“The oil and gas industry was an early adopter of data lakes to land data for use cases such as minimising unplanned downtime and improving safety. A data warehouse is a repository for structured data supported by a combination of processes and tools to prepare data for a specific purpose. For example, warehousing is essential for the healthcare industry as it utilises it to strategise and predict outcomes, generate patients’ treatments and share data with medical aid services.”
Lamb has worked for Dell for almost a decade, watching the global explosion of data and working to support the expansion of cloud infrastructure from cutting edge, niche technology to the foundation of modern digital society.
“There has been a shift towards the use of cloud for data warehouse architecture in recent years as the services and capabilities have matured,” he continues. “There are three primary drivers for organisations looking at cloud for data warehousing:
The inability to handle the speed and volume of multi-source data, especially IoT data;
The inability to find a single technological solution to collect, store, and organise data from disparate sources;
The inability to handle Big Data projects with a single database;
“The challenge is managing these data sources and only integrating the valuable data into the data warehouse.”
Walter Heck, CTO, HeleCloud, Netherlands
“The more data businesses gather, the more information they have at their disposal. In a digital world, this is a great asset. But, with more data comes more responsibility. Businesses process and store thousands, millions, sometimes even billions of transactions each day, all of which need to be managed securely and effectively. The ability to store large quantities of data is being made increasingly possible by creating data warehouses,” says Heck, who took on his current role at the Amazon Web Services (AWS) Advanced Consulting Partner in August.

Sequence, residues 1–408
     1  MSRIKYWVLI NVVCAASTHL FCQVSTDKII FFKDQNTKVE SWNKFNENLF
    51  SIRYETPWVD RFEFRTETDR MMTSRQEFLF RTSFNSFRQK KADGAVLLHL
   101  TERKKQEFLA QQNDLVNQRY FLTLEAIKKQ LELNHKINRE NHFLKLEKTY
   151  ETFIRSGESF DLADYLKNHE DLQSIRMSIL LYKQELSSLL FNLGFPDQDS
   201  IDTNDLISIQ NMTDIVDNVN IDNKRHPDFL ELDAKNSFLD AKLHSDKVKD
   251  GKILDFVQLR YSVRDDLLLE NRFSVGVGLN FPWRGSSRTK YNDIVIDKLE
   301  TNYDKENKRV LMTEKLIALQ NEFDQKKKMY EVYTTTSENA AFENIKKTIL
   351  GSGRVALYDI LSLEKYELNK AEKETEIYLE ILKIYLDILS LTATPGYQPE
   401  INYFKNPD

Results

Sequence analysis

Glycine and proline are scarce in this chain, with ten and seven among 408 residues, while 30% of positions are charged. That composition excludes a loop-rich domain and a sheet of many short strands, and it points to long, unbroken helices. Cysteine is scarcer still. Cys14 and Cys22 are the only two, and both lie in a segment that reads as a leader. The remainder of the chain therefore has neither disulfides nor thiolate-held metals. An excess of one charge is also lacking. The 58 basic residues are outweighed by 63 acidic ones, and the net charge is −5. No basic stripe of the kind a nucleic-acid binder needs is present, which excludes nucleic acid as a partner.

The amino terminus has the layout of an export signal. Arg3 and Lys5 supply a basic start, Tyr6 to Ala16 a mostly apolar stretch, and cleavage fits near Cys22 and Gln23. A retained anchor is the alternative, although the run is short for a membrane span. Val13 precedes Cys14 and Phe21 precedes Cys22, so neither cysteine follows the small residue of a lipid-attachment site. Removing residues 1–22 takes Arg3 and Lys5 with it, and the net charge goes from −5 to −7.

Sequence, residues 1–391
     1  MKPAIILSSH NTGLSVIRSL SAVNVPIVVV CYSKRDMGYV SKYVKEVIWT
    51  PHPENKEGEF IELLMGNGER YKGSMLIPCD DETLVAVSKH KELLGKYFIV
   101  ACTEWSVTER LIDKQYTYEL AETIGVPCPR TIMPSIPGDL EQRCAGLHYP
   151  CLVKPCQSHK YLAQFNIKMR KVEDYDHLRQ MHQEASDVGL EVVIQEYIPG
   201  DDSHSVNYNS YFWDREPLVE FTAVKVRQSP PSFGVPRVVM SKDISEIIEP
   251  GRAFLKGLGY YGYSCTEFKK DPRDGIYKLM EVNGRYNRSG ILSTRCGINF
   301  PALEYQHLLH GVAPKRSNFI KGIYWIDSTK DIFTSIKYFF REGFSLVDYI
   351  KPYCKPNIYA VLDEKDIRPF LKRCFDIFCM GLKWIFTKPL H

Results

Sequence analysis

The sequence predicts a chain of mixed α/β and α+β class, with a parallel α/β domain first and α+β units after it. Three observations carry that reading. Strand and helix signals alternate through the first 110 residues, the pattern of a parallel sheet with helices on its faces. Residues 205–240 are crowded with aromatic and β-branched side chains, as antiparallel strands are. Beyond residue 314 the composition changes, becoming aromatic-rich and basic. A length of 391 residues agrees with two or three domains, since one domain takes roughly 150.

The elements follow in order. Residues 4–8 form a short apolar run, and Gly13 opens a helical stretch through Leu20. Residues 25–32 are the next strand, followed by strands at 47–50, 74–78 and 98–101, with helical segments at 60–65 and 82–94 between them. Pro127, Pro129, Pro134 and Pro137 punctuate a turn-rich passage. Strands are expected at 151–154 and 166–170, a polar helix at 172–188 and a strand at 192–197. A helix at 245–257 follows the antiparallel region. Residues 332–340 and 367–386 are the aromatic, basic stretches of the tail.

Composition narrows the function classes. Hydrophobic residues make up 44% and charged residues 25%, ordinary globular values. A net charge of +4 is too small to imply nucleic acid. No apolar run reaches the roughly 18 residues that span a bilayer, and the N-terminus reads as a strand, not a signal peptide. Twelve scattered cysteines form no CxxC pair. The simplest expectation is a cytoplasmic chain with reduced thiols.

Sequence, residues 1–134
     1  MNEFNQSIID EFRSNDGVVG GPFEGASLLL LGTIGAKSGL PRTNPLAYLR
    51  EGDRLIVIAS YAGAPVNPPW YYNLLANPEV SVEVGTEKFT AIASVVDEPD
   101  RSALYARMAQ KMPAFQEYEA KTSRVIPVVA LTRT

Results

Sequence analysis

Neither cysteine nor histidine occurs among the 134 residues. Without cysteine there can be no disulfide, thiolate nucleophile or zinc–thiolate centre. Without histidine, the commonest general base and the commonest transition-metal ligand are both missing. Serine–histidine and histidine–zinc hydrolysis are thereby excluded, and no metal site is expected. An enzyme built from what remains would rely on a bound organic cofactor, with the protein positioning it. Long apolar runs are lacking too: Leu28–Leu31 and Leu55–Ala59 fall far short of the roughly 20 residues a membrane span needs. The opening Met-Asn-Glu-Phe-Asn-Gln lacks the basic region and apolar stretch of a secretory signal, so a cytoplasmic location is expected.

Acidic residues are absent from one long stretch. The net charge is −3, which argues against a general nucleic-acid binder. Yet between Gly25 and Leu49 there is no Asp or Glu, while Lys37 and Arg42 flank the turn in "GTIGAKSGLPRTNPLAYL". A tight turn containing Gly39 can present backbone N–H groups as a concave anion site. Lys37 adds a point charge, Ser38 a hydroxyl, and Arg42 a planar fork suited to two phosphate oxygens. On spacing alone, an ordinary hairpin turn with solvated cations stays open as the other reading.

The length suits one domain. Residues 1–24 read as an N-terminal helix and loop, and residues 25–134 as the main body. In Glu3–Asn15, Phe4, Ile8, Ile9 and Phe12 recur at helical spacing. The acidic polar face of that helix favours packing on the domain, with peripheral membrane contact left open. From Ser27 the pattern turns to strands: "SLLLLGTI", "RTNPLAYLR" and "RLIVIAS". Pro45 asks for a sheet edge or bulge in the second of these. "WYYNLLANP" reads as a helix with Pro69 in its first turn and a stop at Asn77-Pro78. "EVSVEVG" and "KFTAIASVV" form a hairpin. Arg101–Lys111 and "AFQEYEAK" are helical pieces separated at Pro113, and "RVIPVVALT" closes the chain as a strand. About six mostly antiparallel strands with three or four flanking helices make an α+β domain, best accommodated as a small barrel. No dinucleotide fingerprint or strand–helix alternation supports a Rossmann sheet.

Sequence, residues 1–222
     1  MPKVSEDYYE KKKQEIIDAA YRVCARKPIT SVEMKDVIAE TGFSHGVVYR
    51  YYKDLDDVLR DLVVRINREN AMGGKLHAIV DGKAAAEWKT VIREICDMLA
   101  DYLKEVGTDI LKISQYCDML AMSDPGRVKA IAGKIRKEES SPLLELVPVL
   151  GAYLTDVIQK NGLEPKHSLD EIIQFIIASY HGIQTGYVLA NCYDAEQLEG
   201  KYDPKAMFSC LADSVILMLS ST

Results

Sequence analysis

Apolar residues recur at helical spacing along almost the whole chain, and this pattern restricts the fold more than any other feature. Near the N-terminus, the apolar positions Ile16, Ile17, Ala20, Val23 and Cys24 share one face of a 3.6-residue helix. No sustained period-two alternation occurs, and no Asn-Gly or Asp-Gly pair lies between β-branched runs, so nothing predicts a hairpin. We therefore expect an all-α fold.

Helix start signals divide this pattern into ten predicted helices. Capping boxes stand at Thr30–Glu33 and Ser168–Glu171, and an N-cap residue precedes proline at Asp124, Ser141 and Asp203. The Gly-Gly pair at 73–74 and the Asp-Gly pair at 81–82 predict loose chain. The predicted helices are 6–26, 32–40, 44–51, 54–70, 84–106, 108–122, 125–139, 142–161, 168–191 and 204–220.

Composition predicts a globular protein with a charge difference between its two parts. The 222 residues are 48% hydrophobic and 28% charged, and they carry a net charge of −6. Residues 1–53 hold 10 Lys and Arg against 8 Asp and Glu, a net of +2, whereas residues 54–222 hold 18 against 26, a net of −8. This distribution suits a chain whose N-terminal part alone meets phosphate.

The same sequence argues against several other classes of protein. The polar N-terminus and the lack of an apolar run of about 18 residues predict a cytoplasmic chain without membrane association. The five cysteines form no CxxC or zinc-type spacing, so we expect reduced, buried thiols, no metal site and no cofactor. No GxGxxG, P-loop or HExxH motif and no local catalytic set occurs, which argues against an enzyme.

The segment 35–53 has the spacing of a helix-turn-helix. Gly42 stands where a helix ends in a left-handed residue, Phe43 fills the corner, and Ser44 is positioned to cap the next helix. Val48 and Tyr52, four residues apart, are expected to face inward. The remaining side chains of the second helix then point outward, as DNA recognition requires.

Heck has seen data warehouses grow dramatically in both size and complexity over the past year. He notes that the trend is spurring a large number of enterprises to closely investigate the possibilities of new generations of cloud and data management infrastructure, particularly those that are backed by machine learning and AI which allow companies to more accurately manipulate and understand their data.
The change, Heck believes, could not have come at a better time.
“Despite widespread talk of digital transformation, many companies across the globe still do not optimally use the data available to them. This is because data tends to sit undiscovered in silos across these businesses,” he explains. “That said, businesses are starting to wake up to this reality. As such, we are likely to see organisations start organising their approach to managing data. This is a good thing. With the introduction of 5G and the evolution of edge computing, data volumes are likely to explode to unprecedented levels in the next few years. This means that data warehousing needs to be flexible enough to scale based on volume as well as integrate the many different data types for analysis.”
A flexible future in the cloud
The mass migration of the modern enterprise to the cloud may even see CTOs and digital executives move their organisations beyond the concept of the data centre altogether. Rather than storing data in warehouses, solutions that provide even more immediate access as a flexible service are becoming the object of demand for industry leaders. Regardless, the days of on-premises legacy systems are ending, and companies need to look to the future if they expect to survive and thrive in a future where the accumulated digital universe is predicted to expand from 4.4 zettabytes at the start of this year to more than 44 zettabytes in 2020. Data is the future, and in the future only the flexible will survive.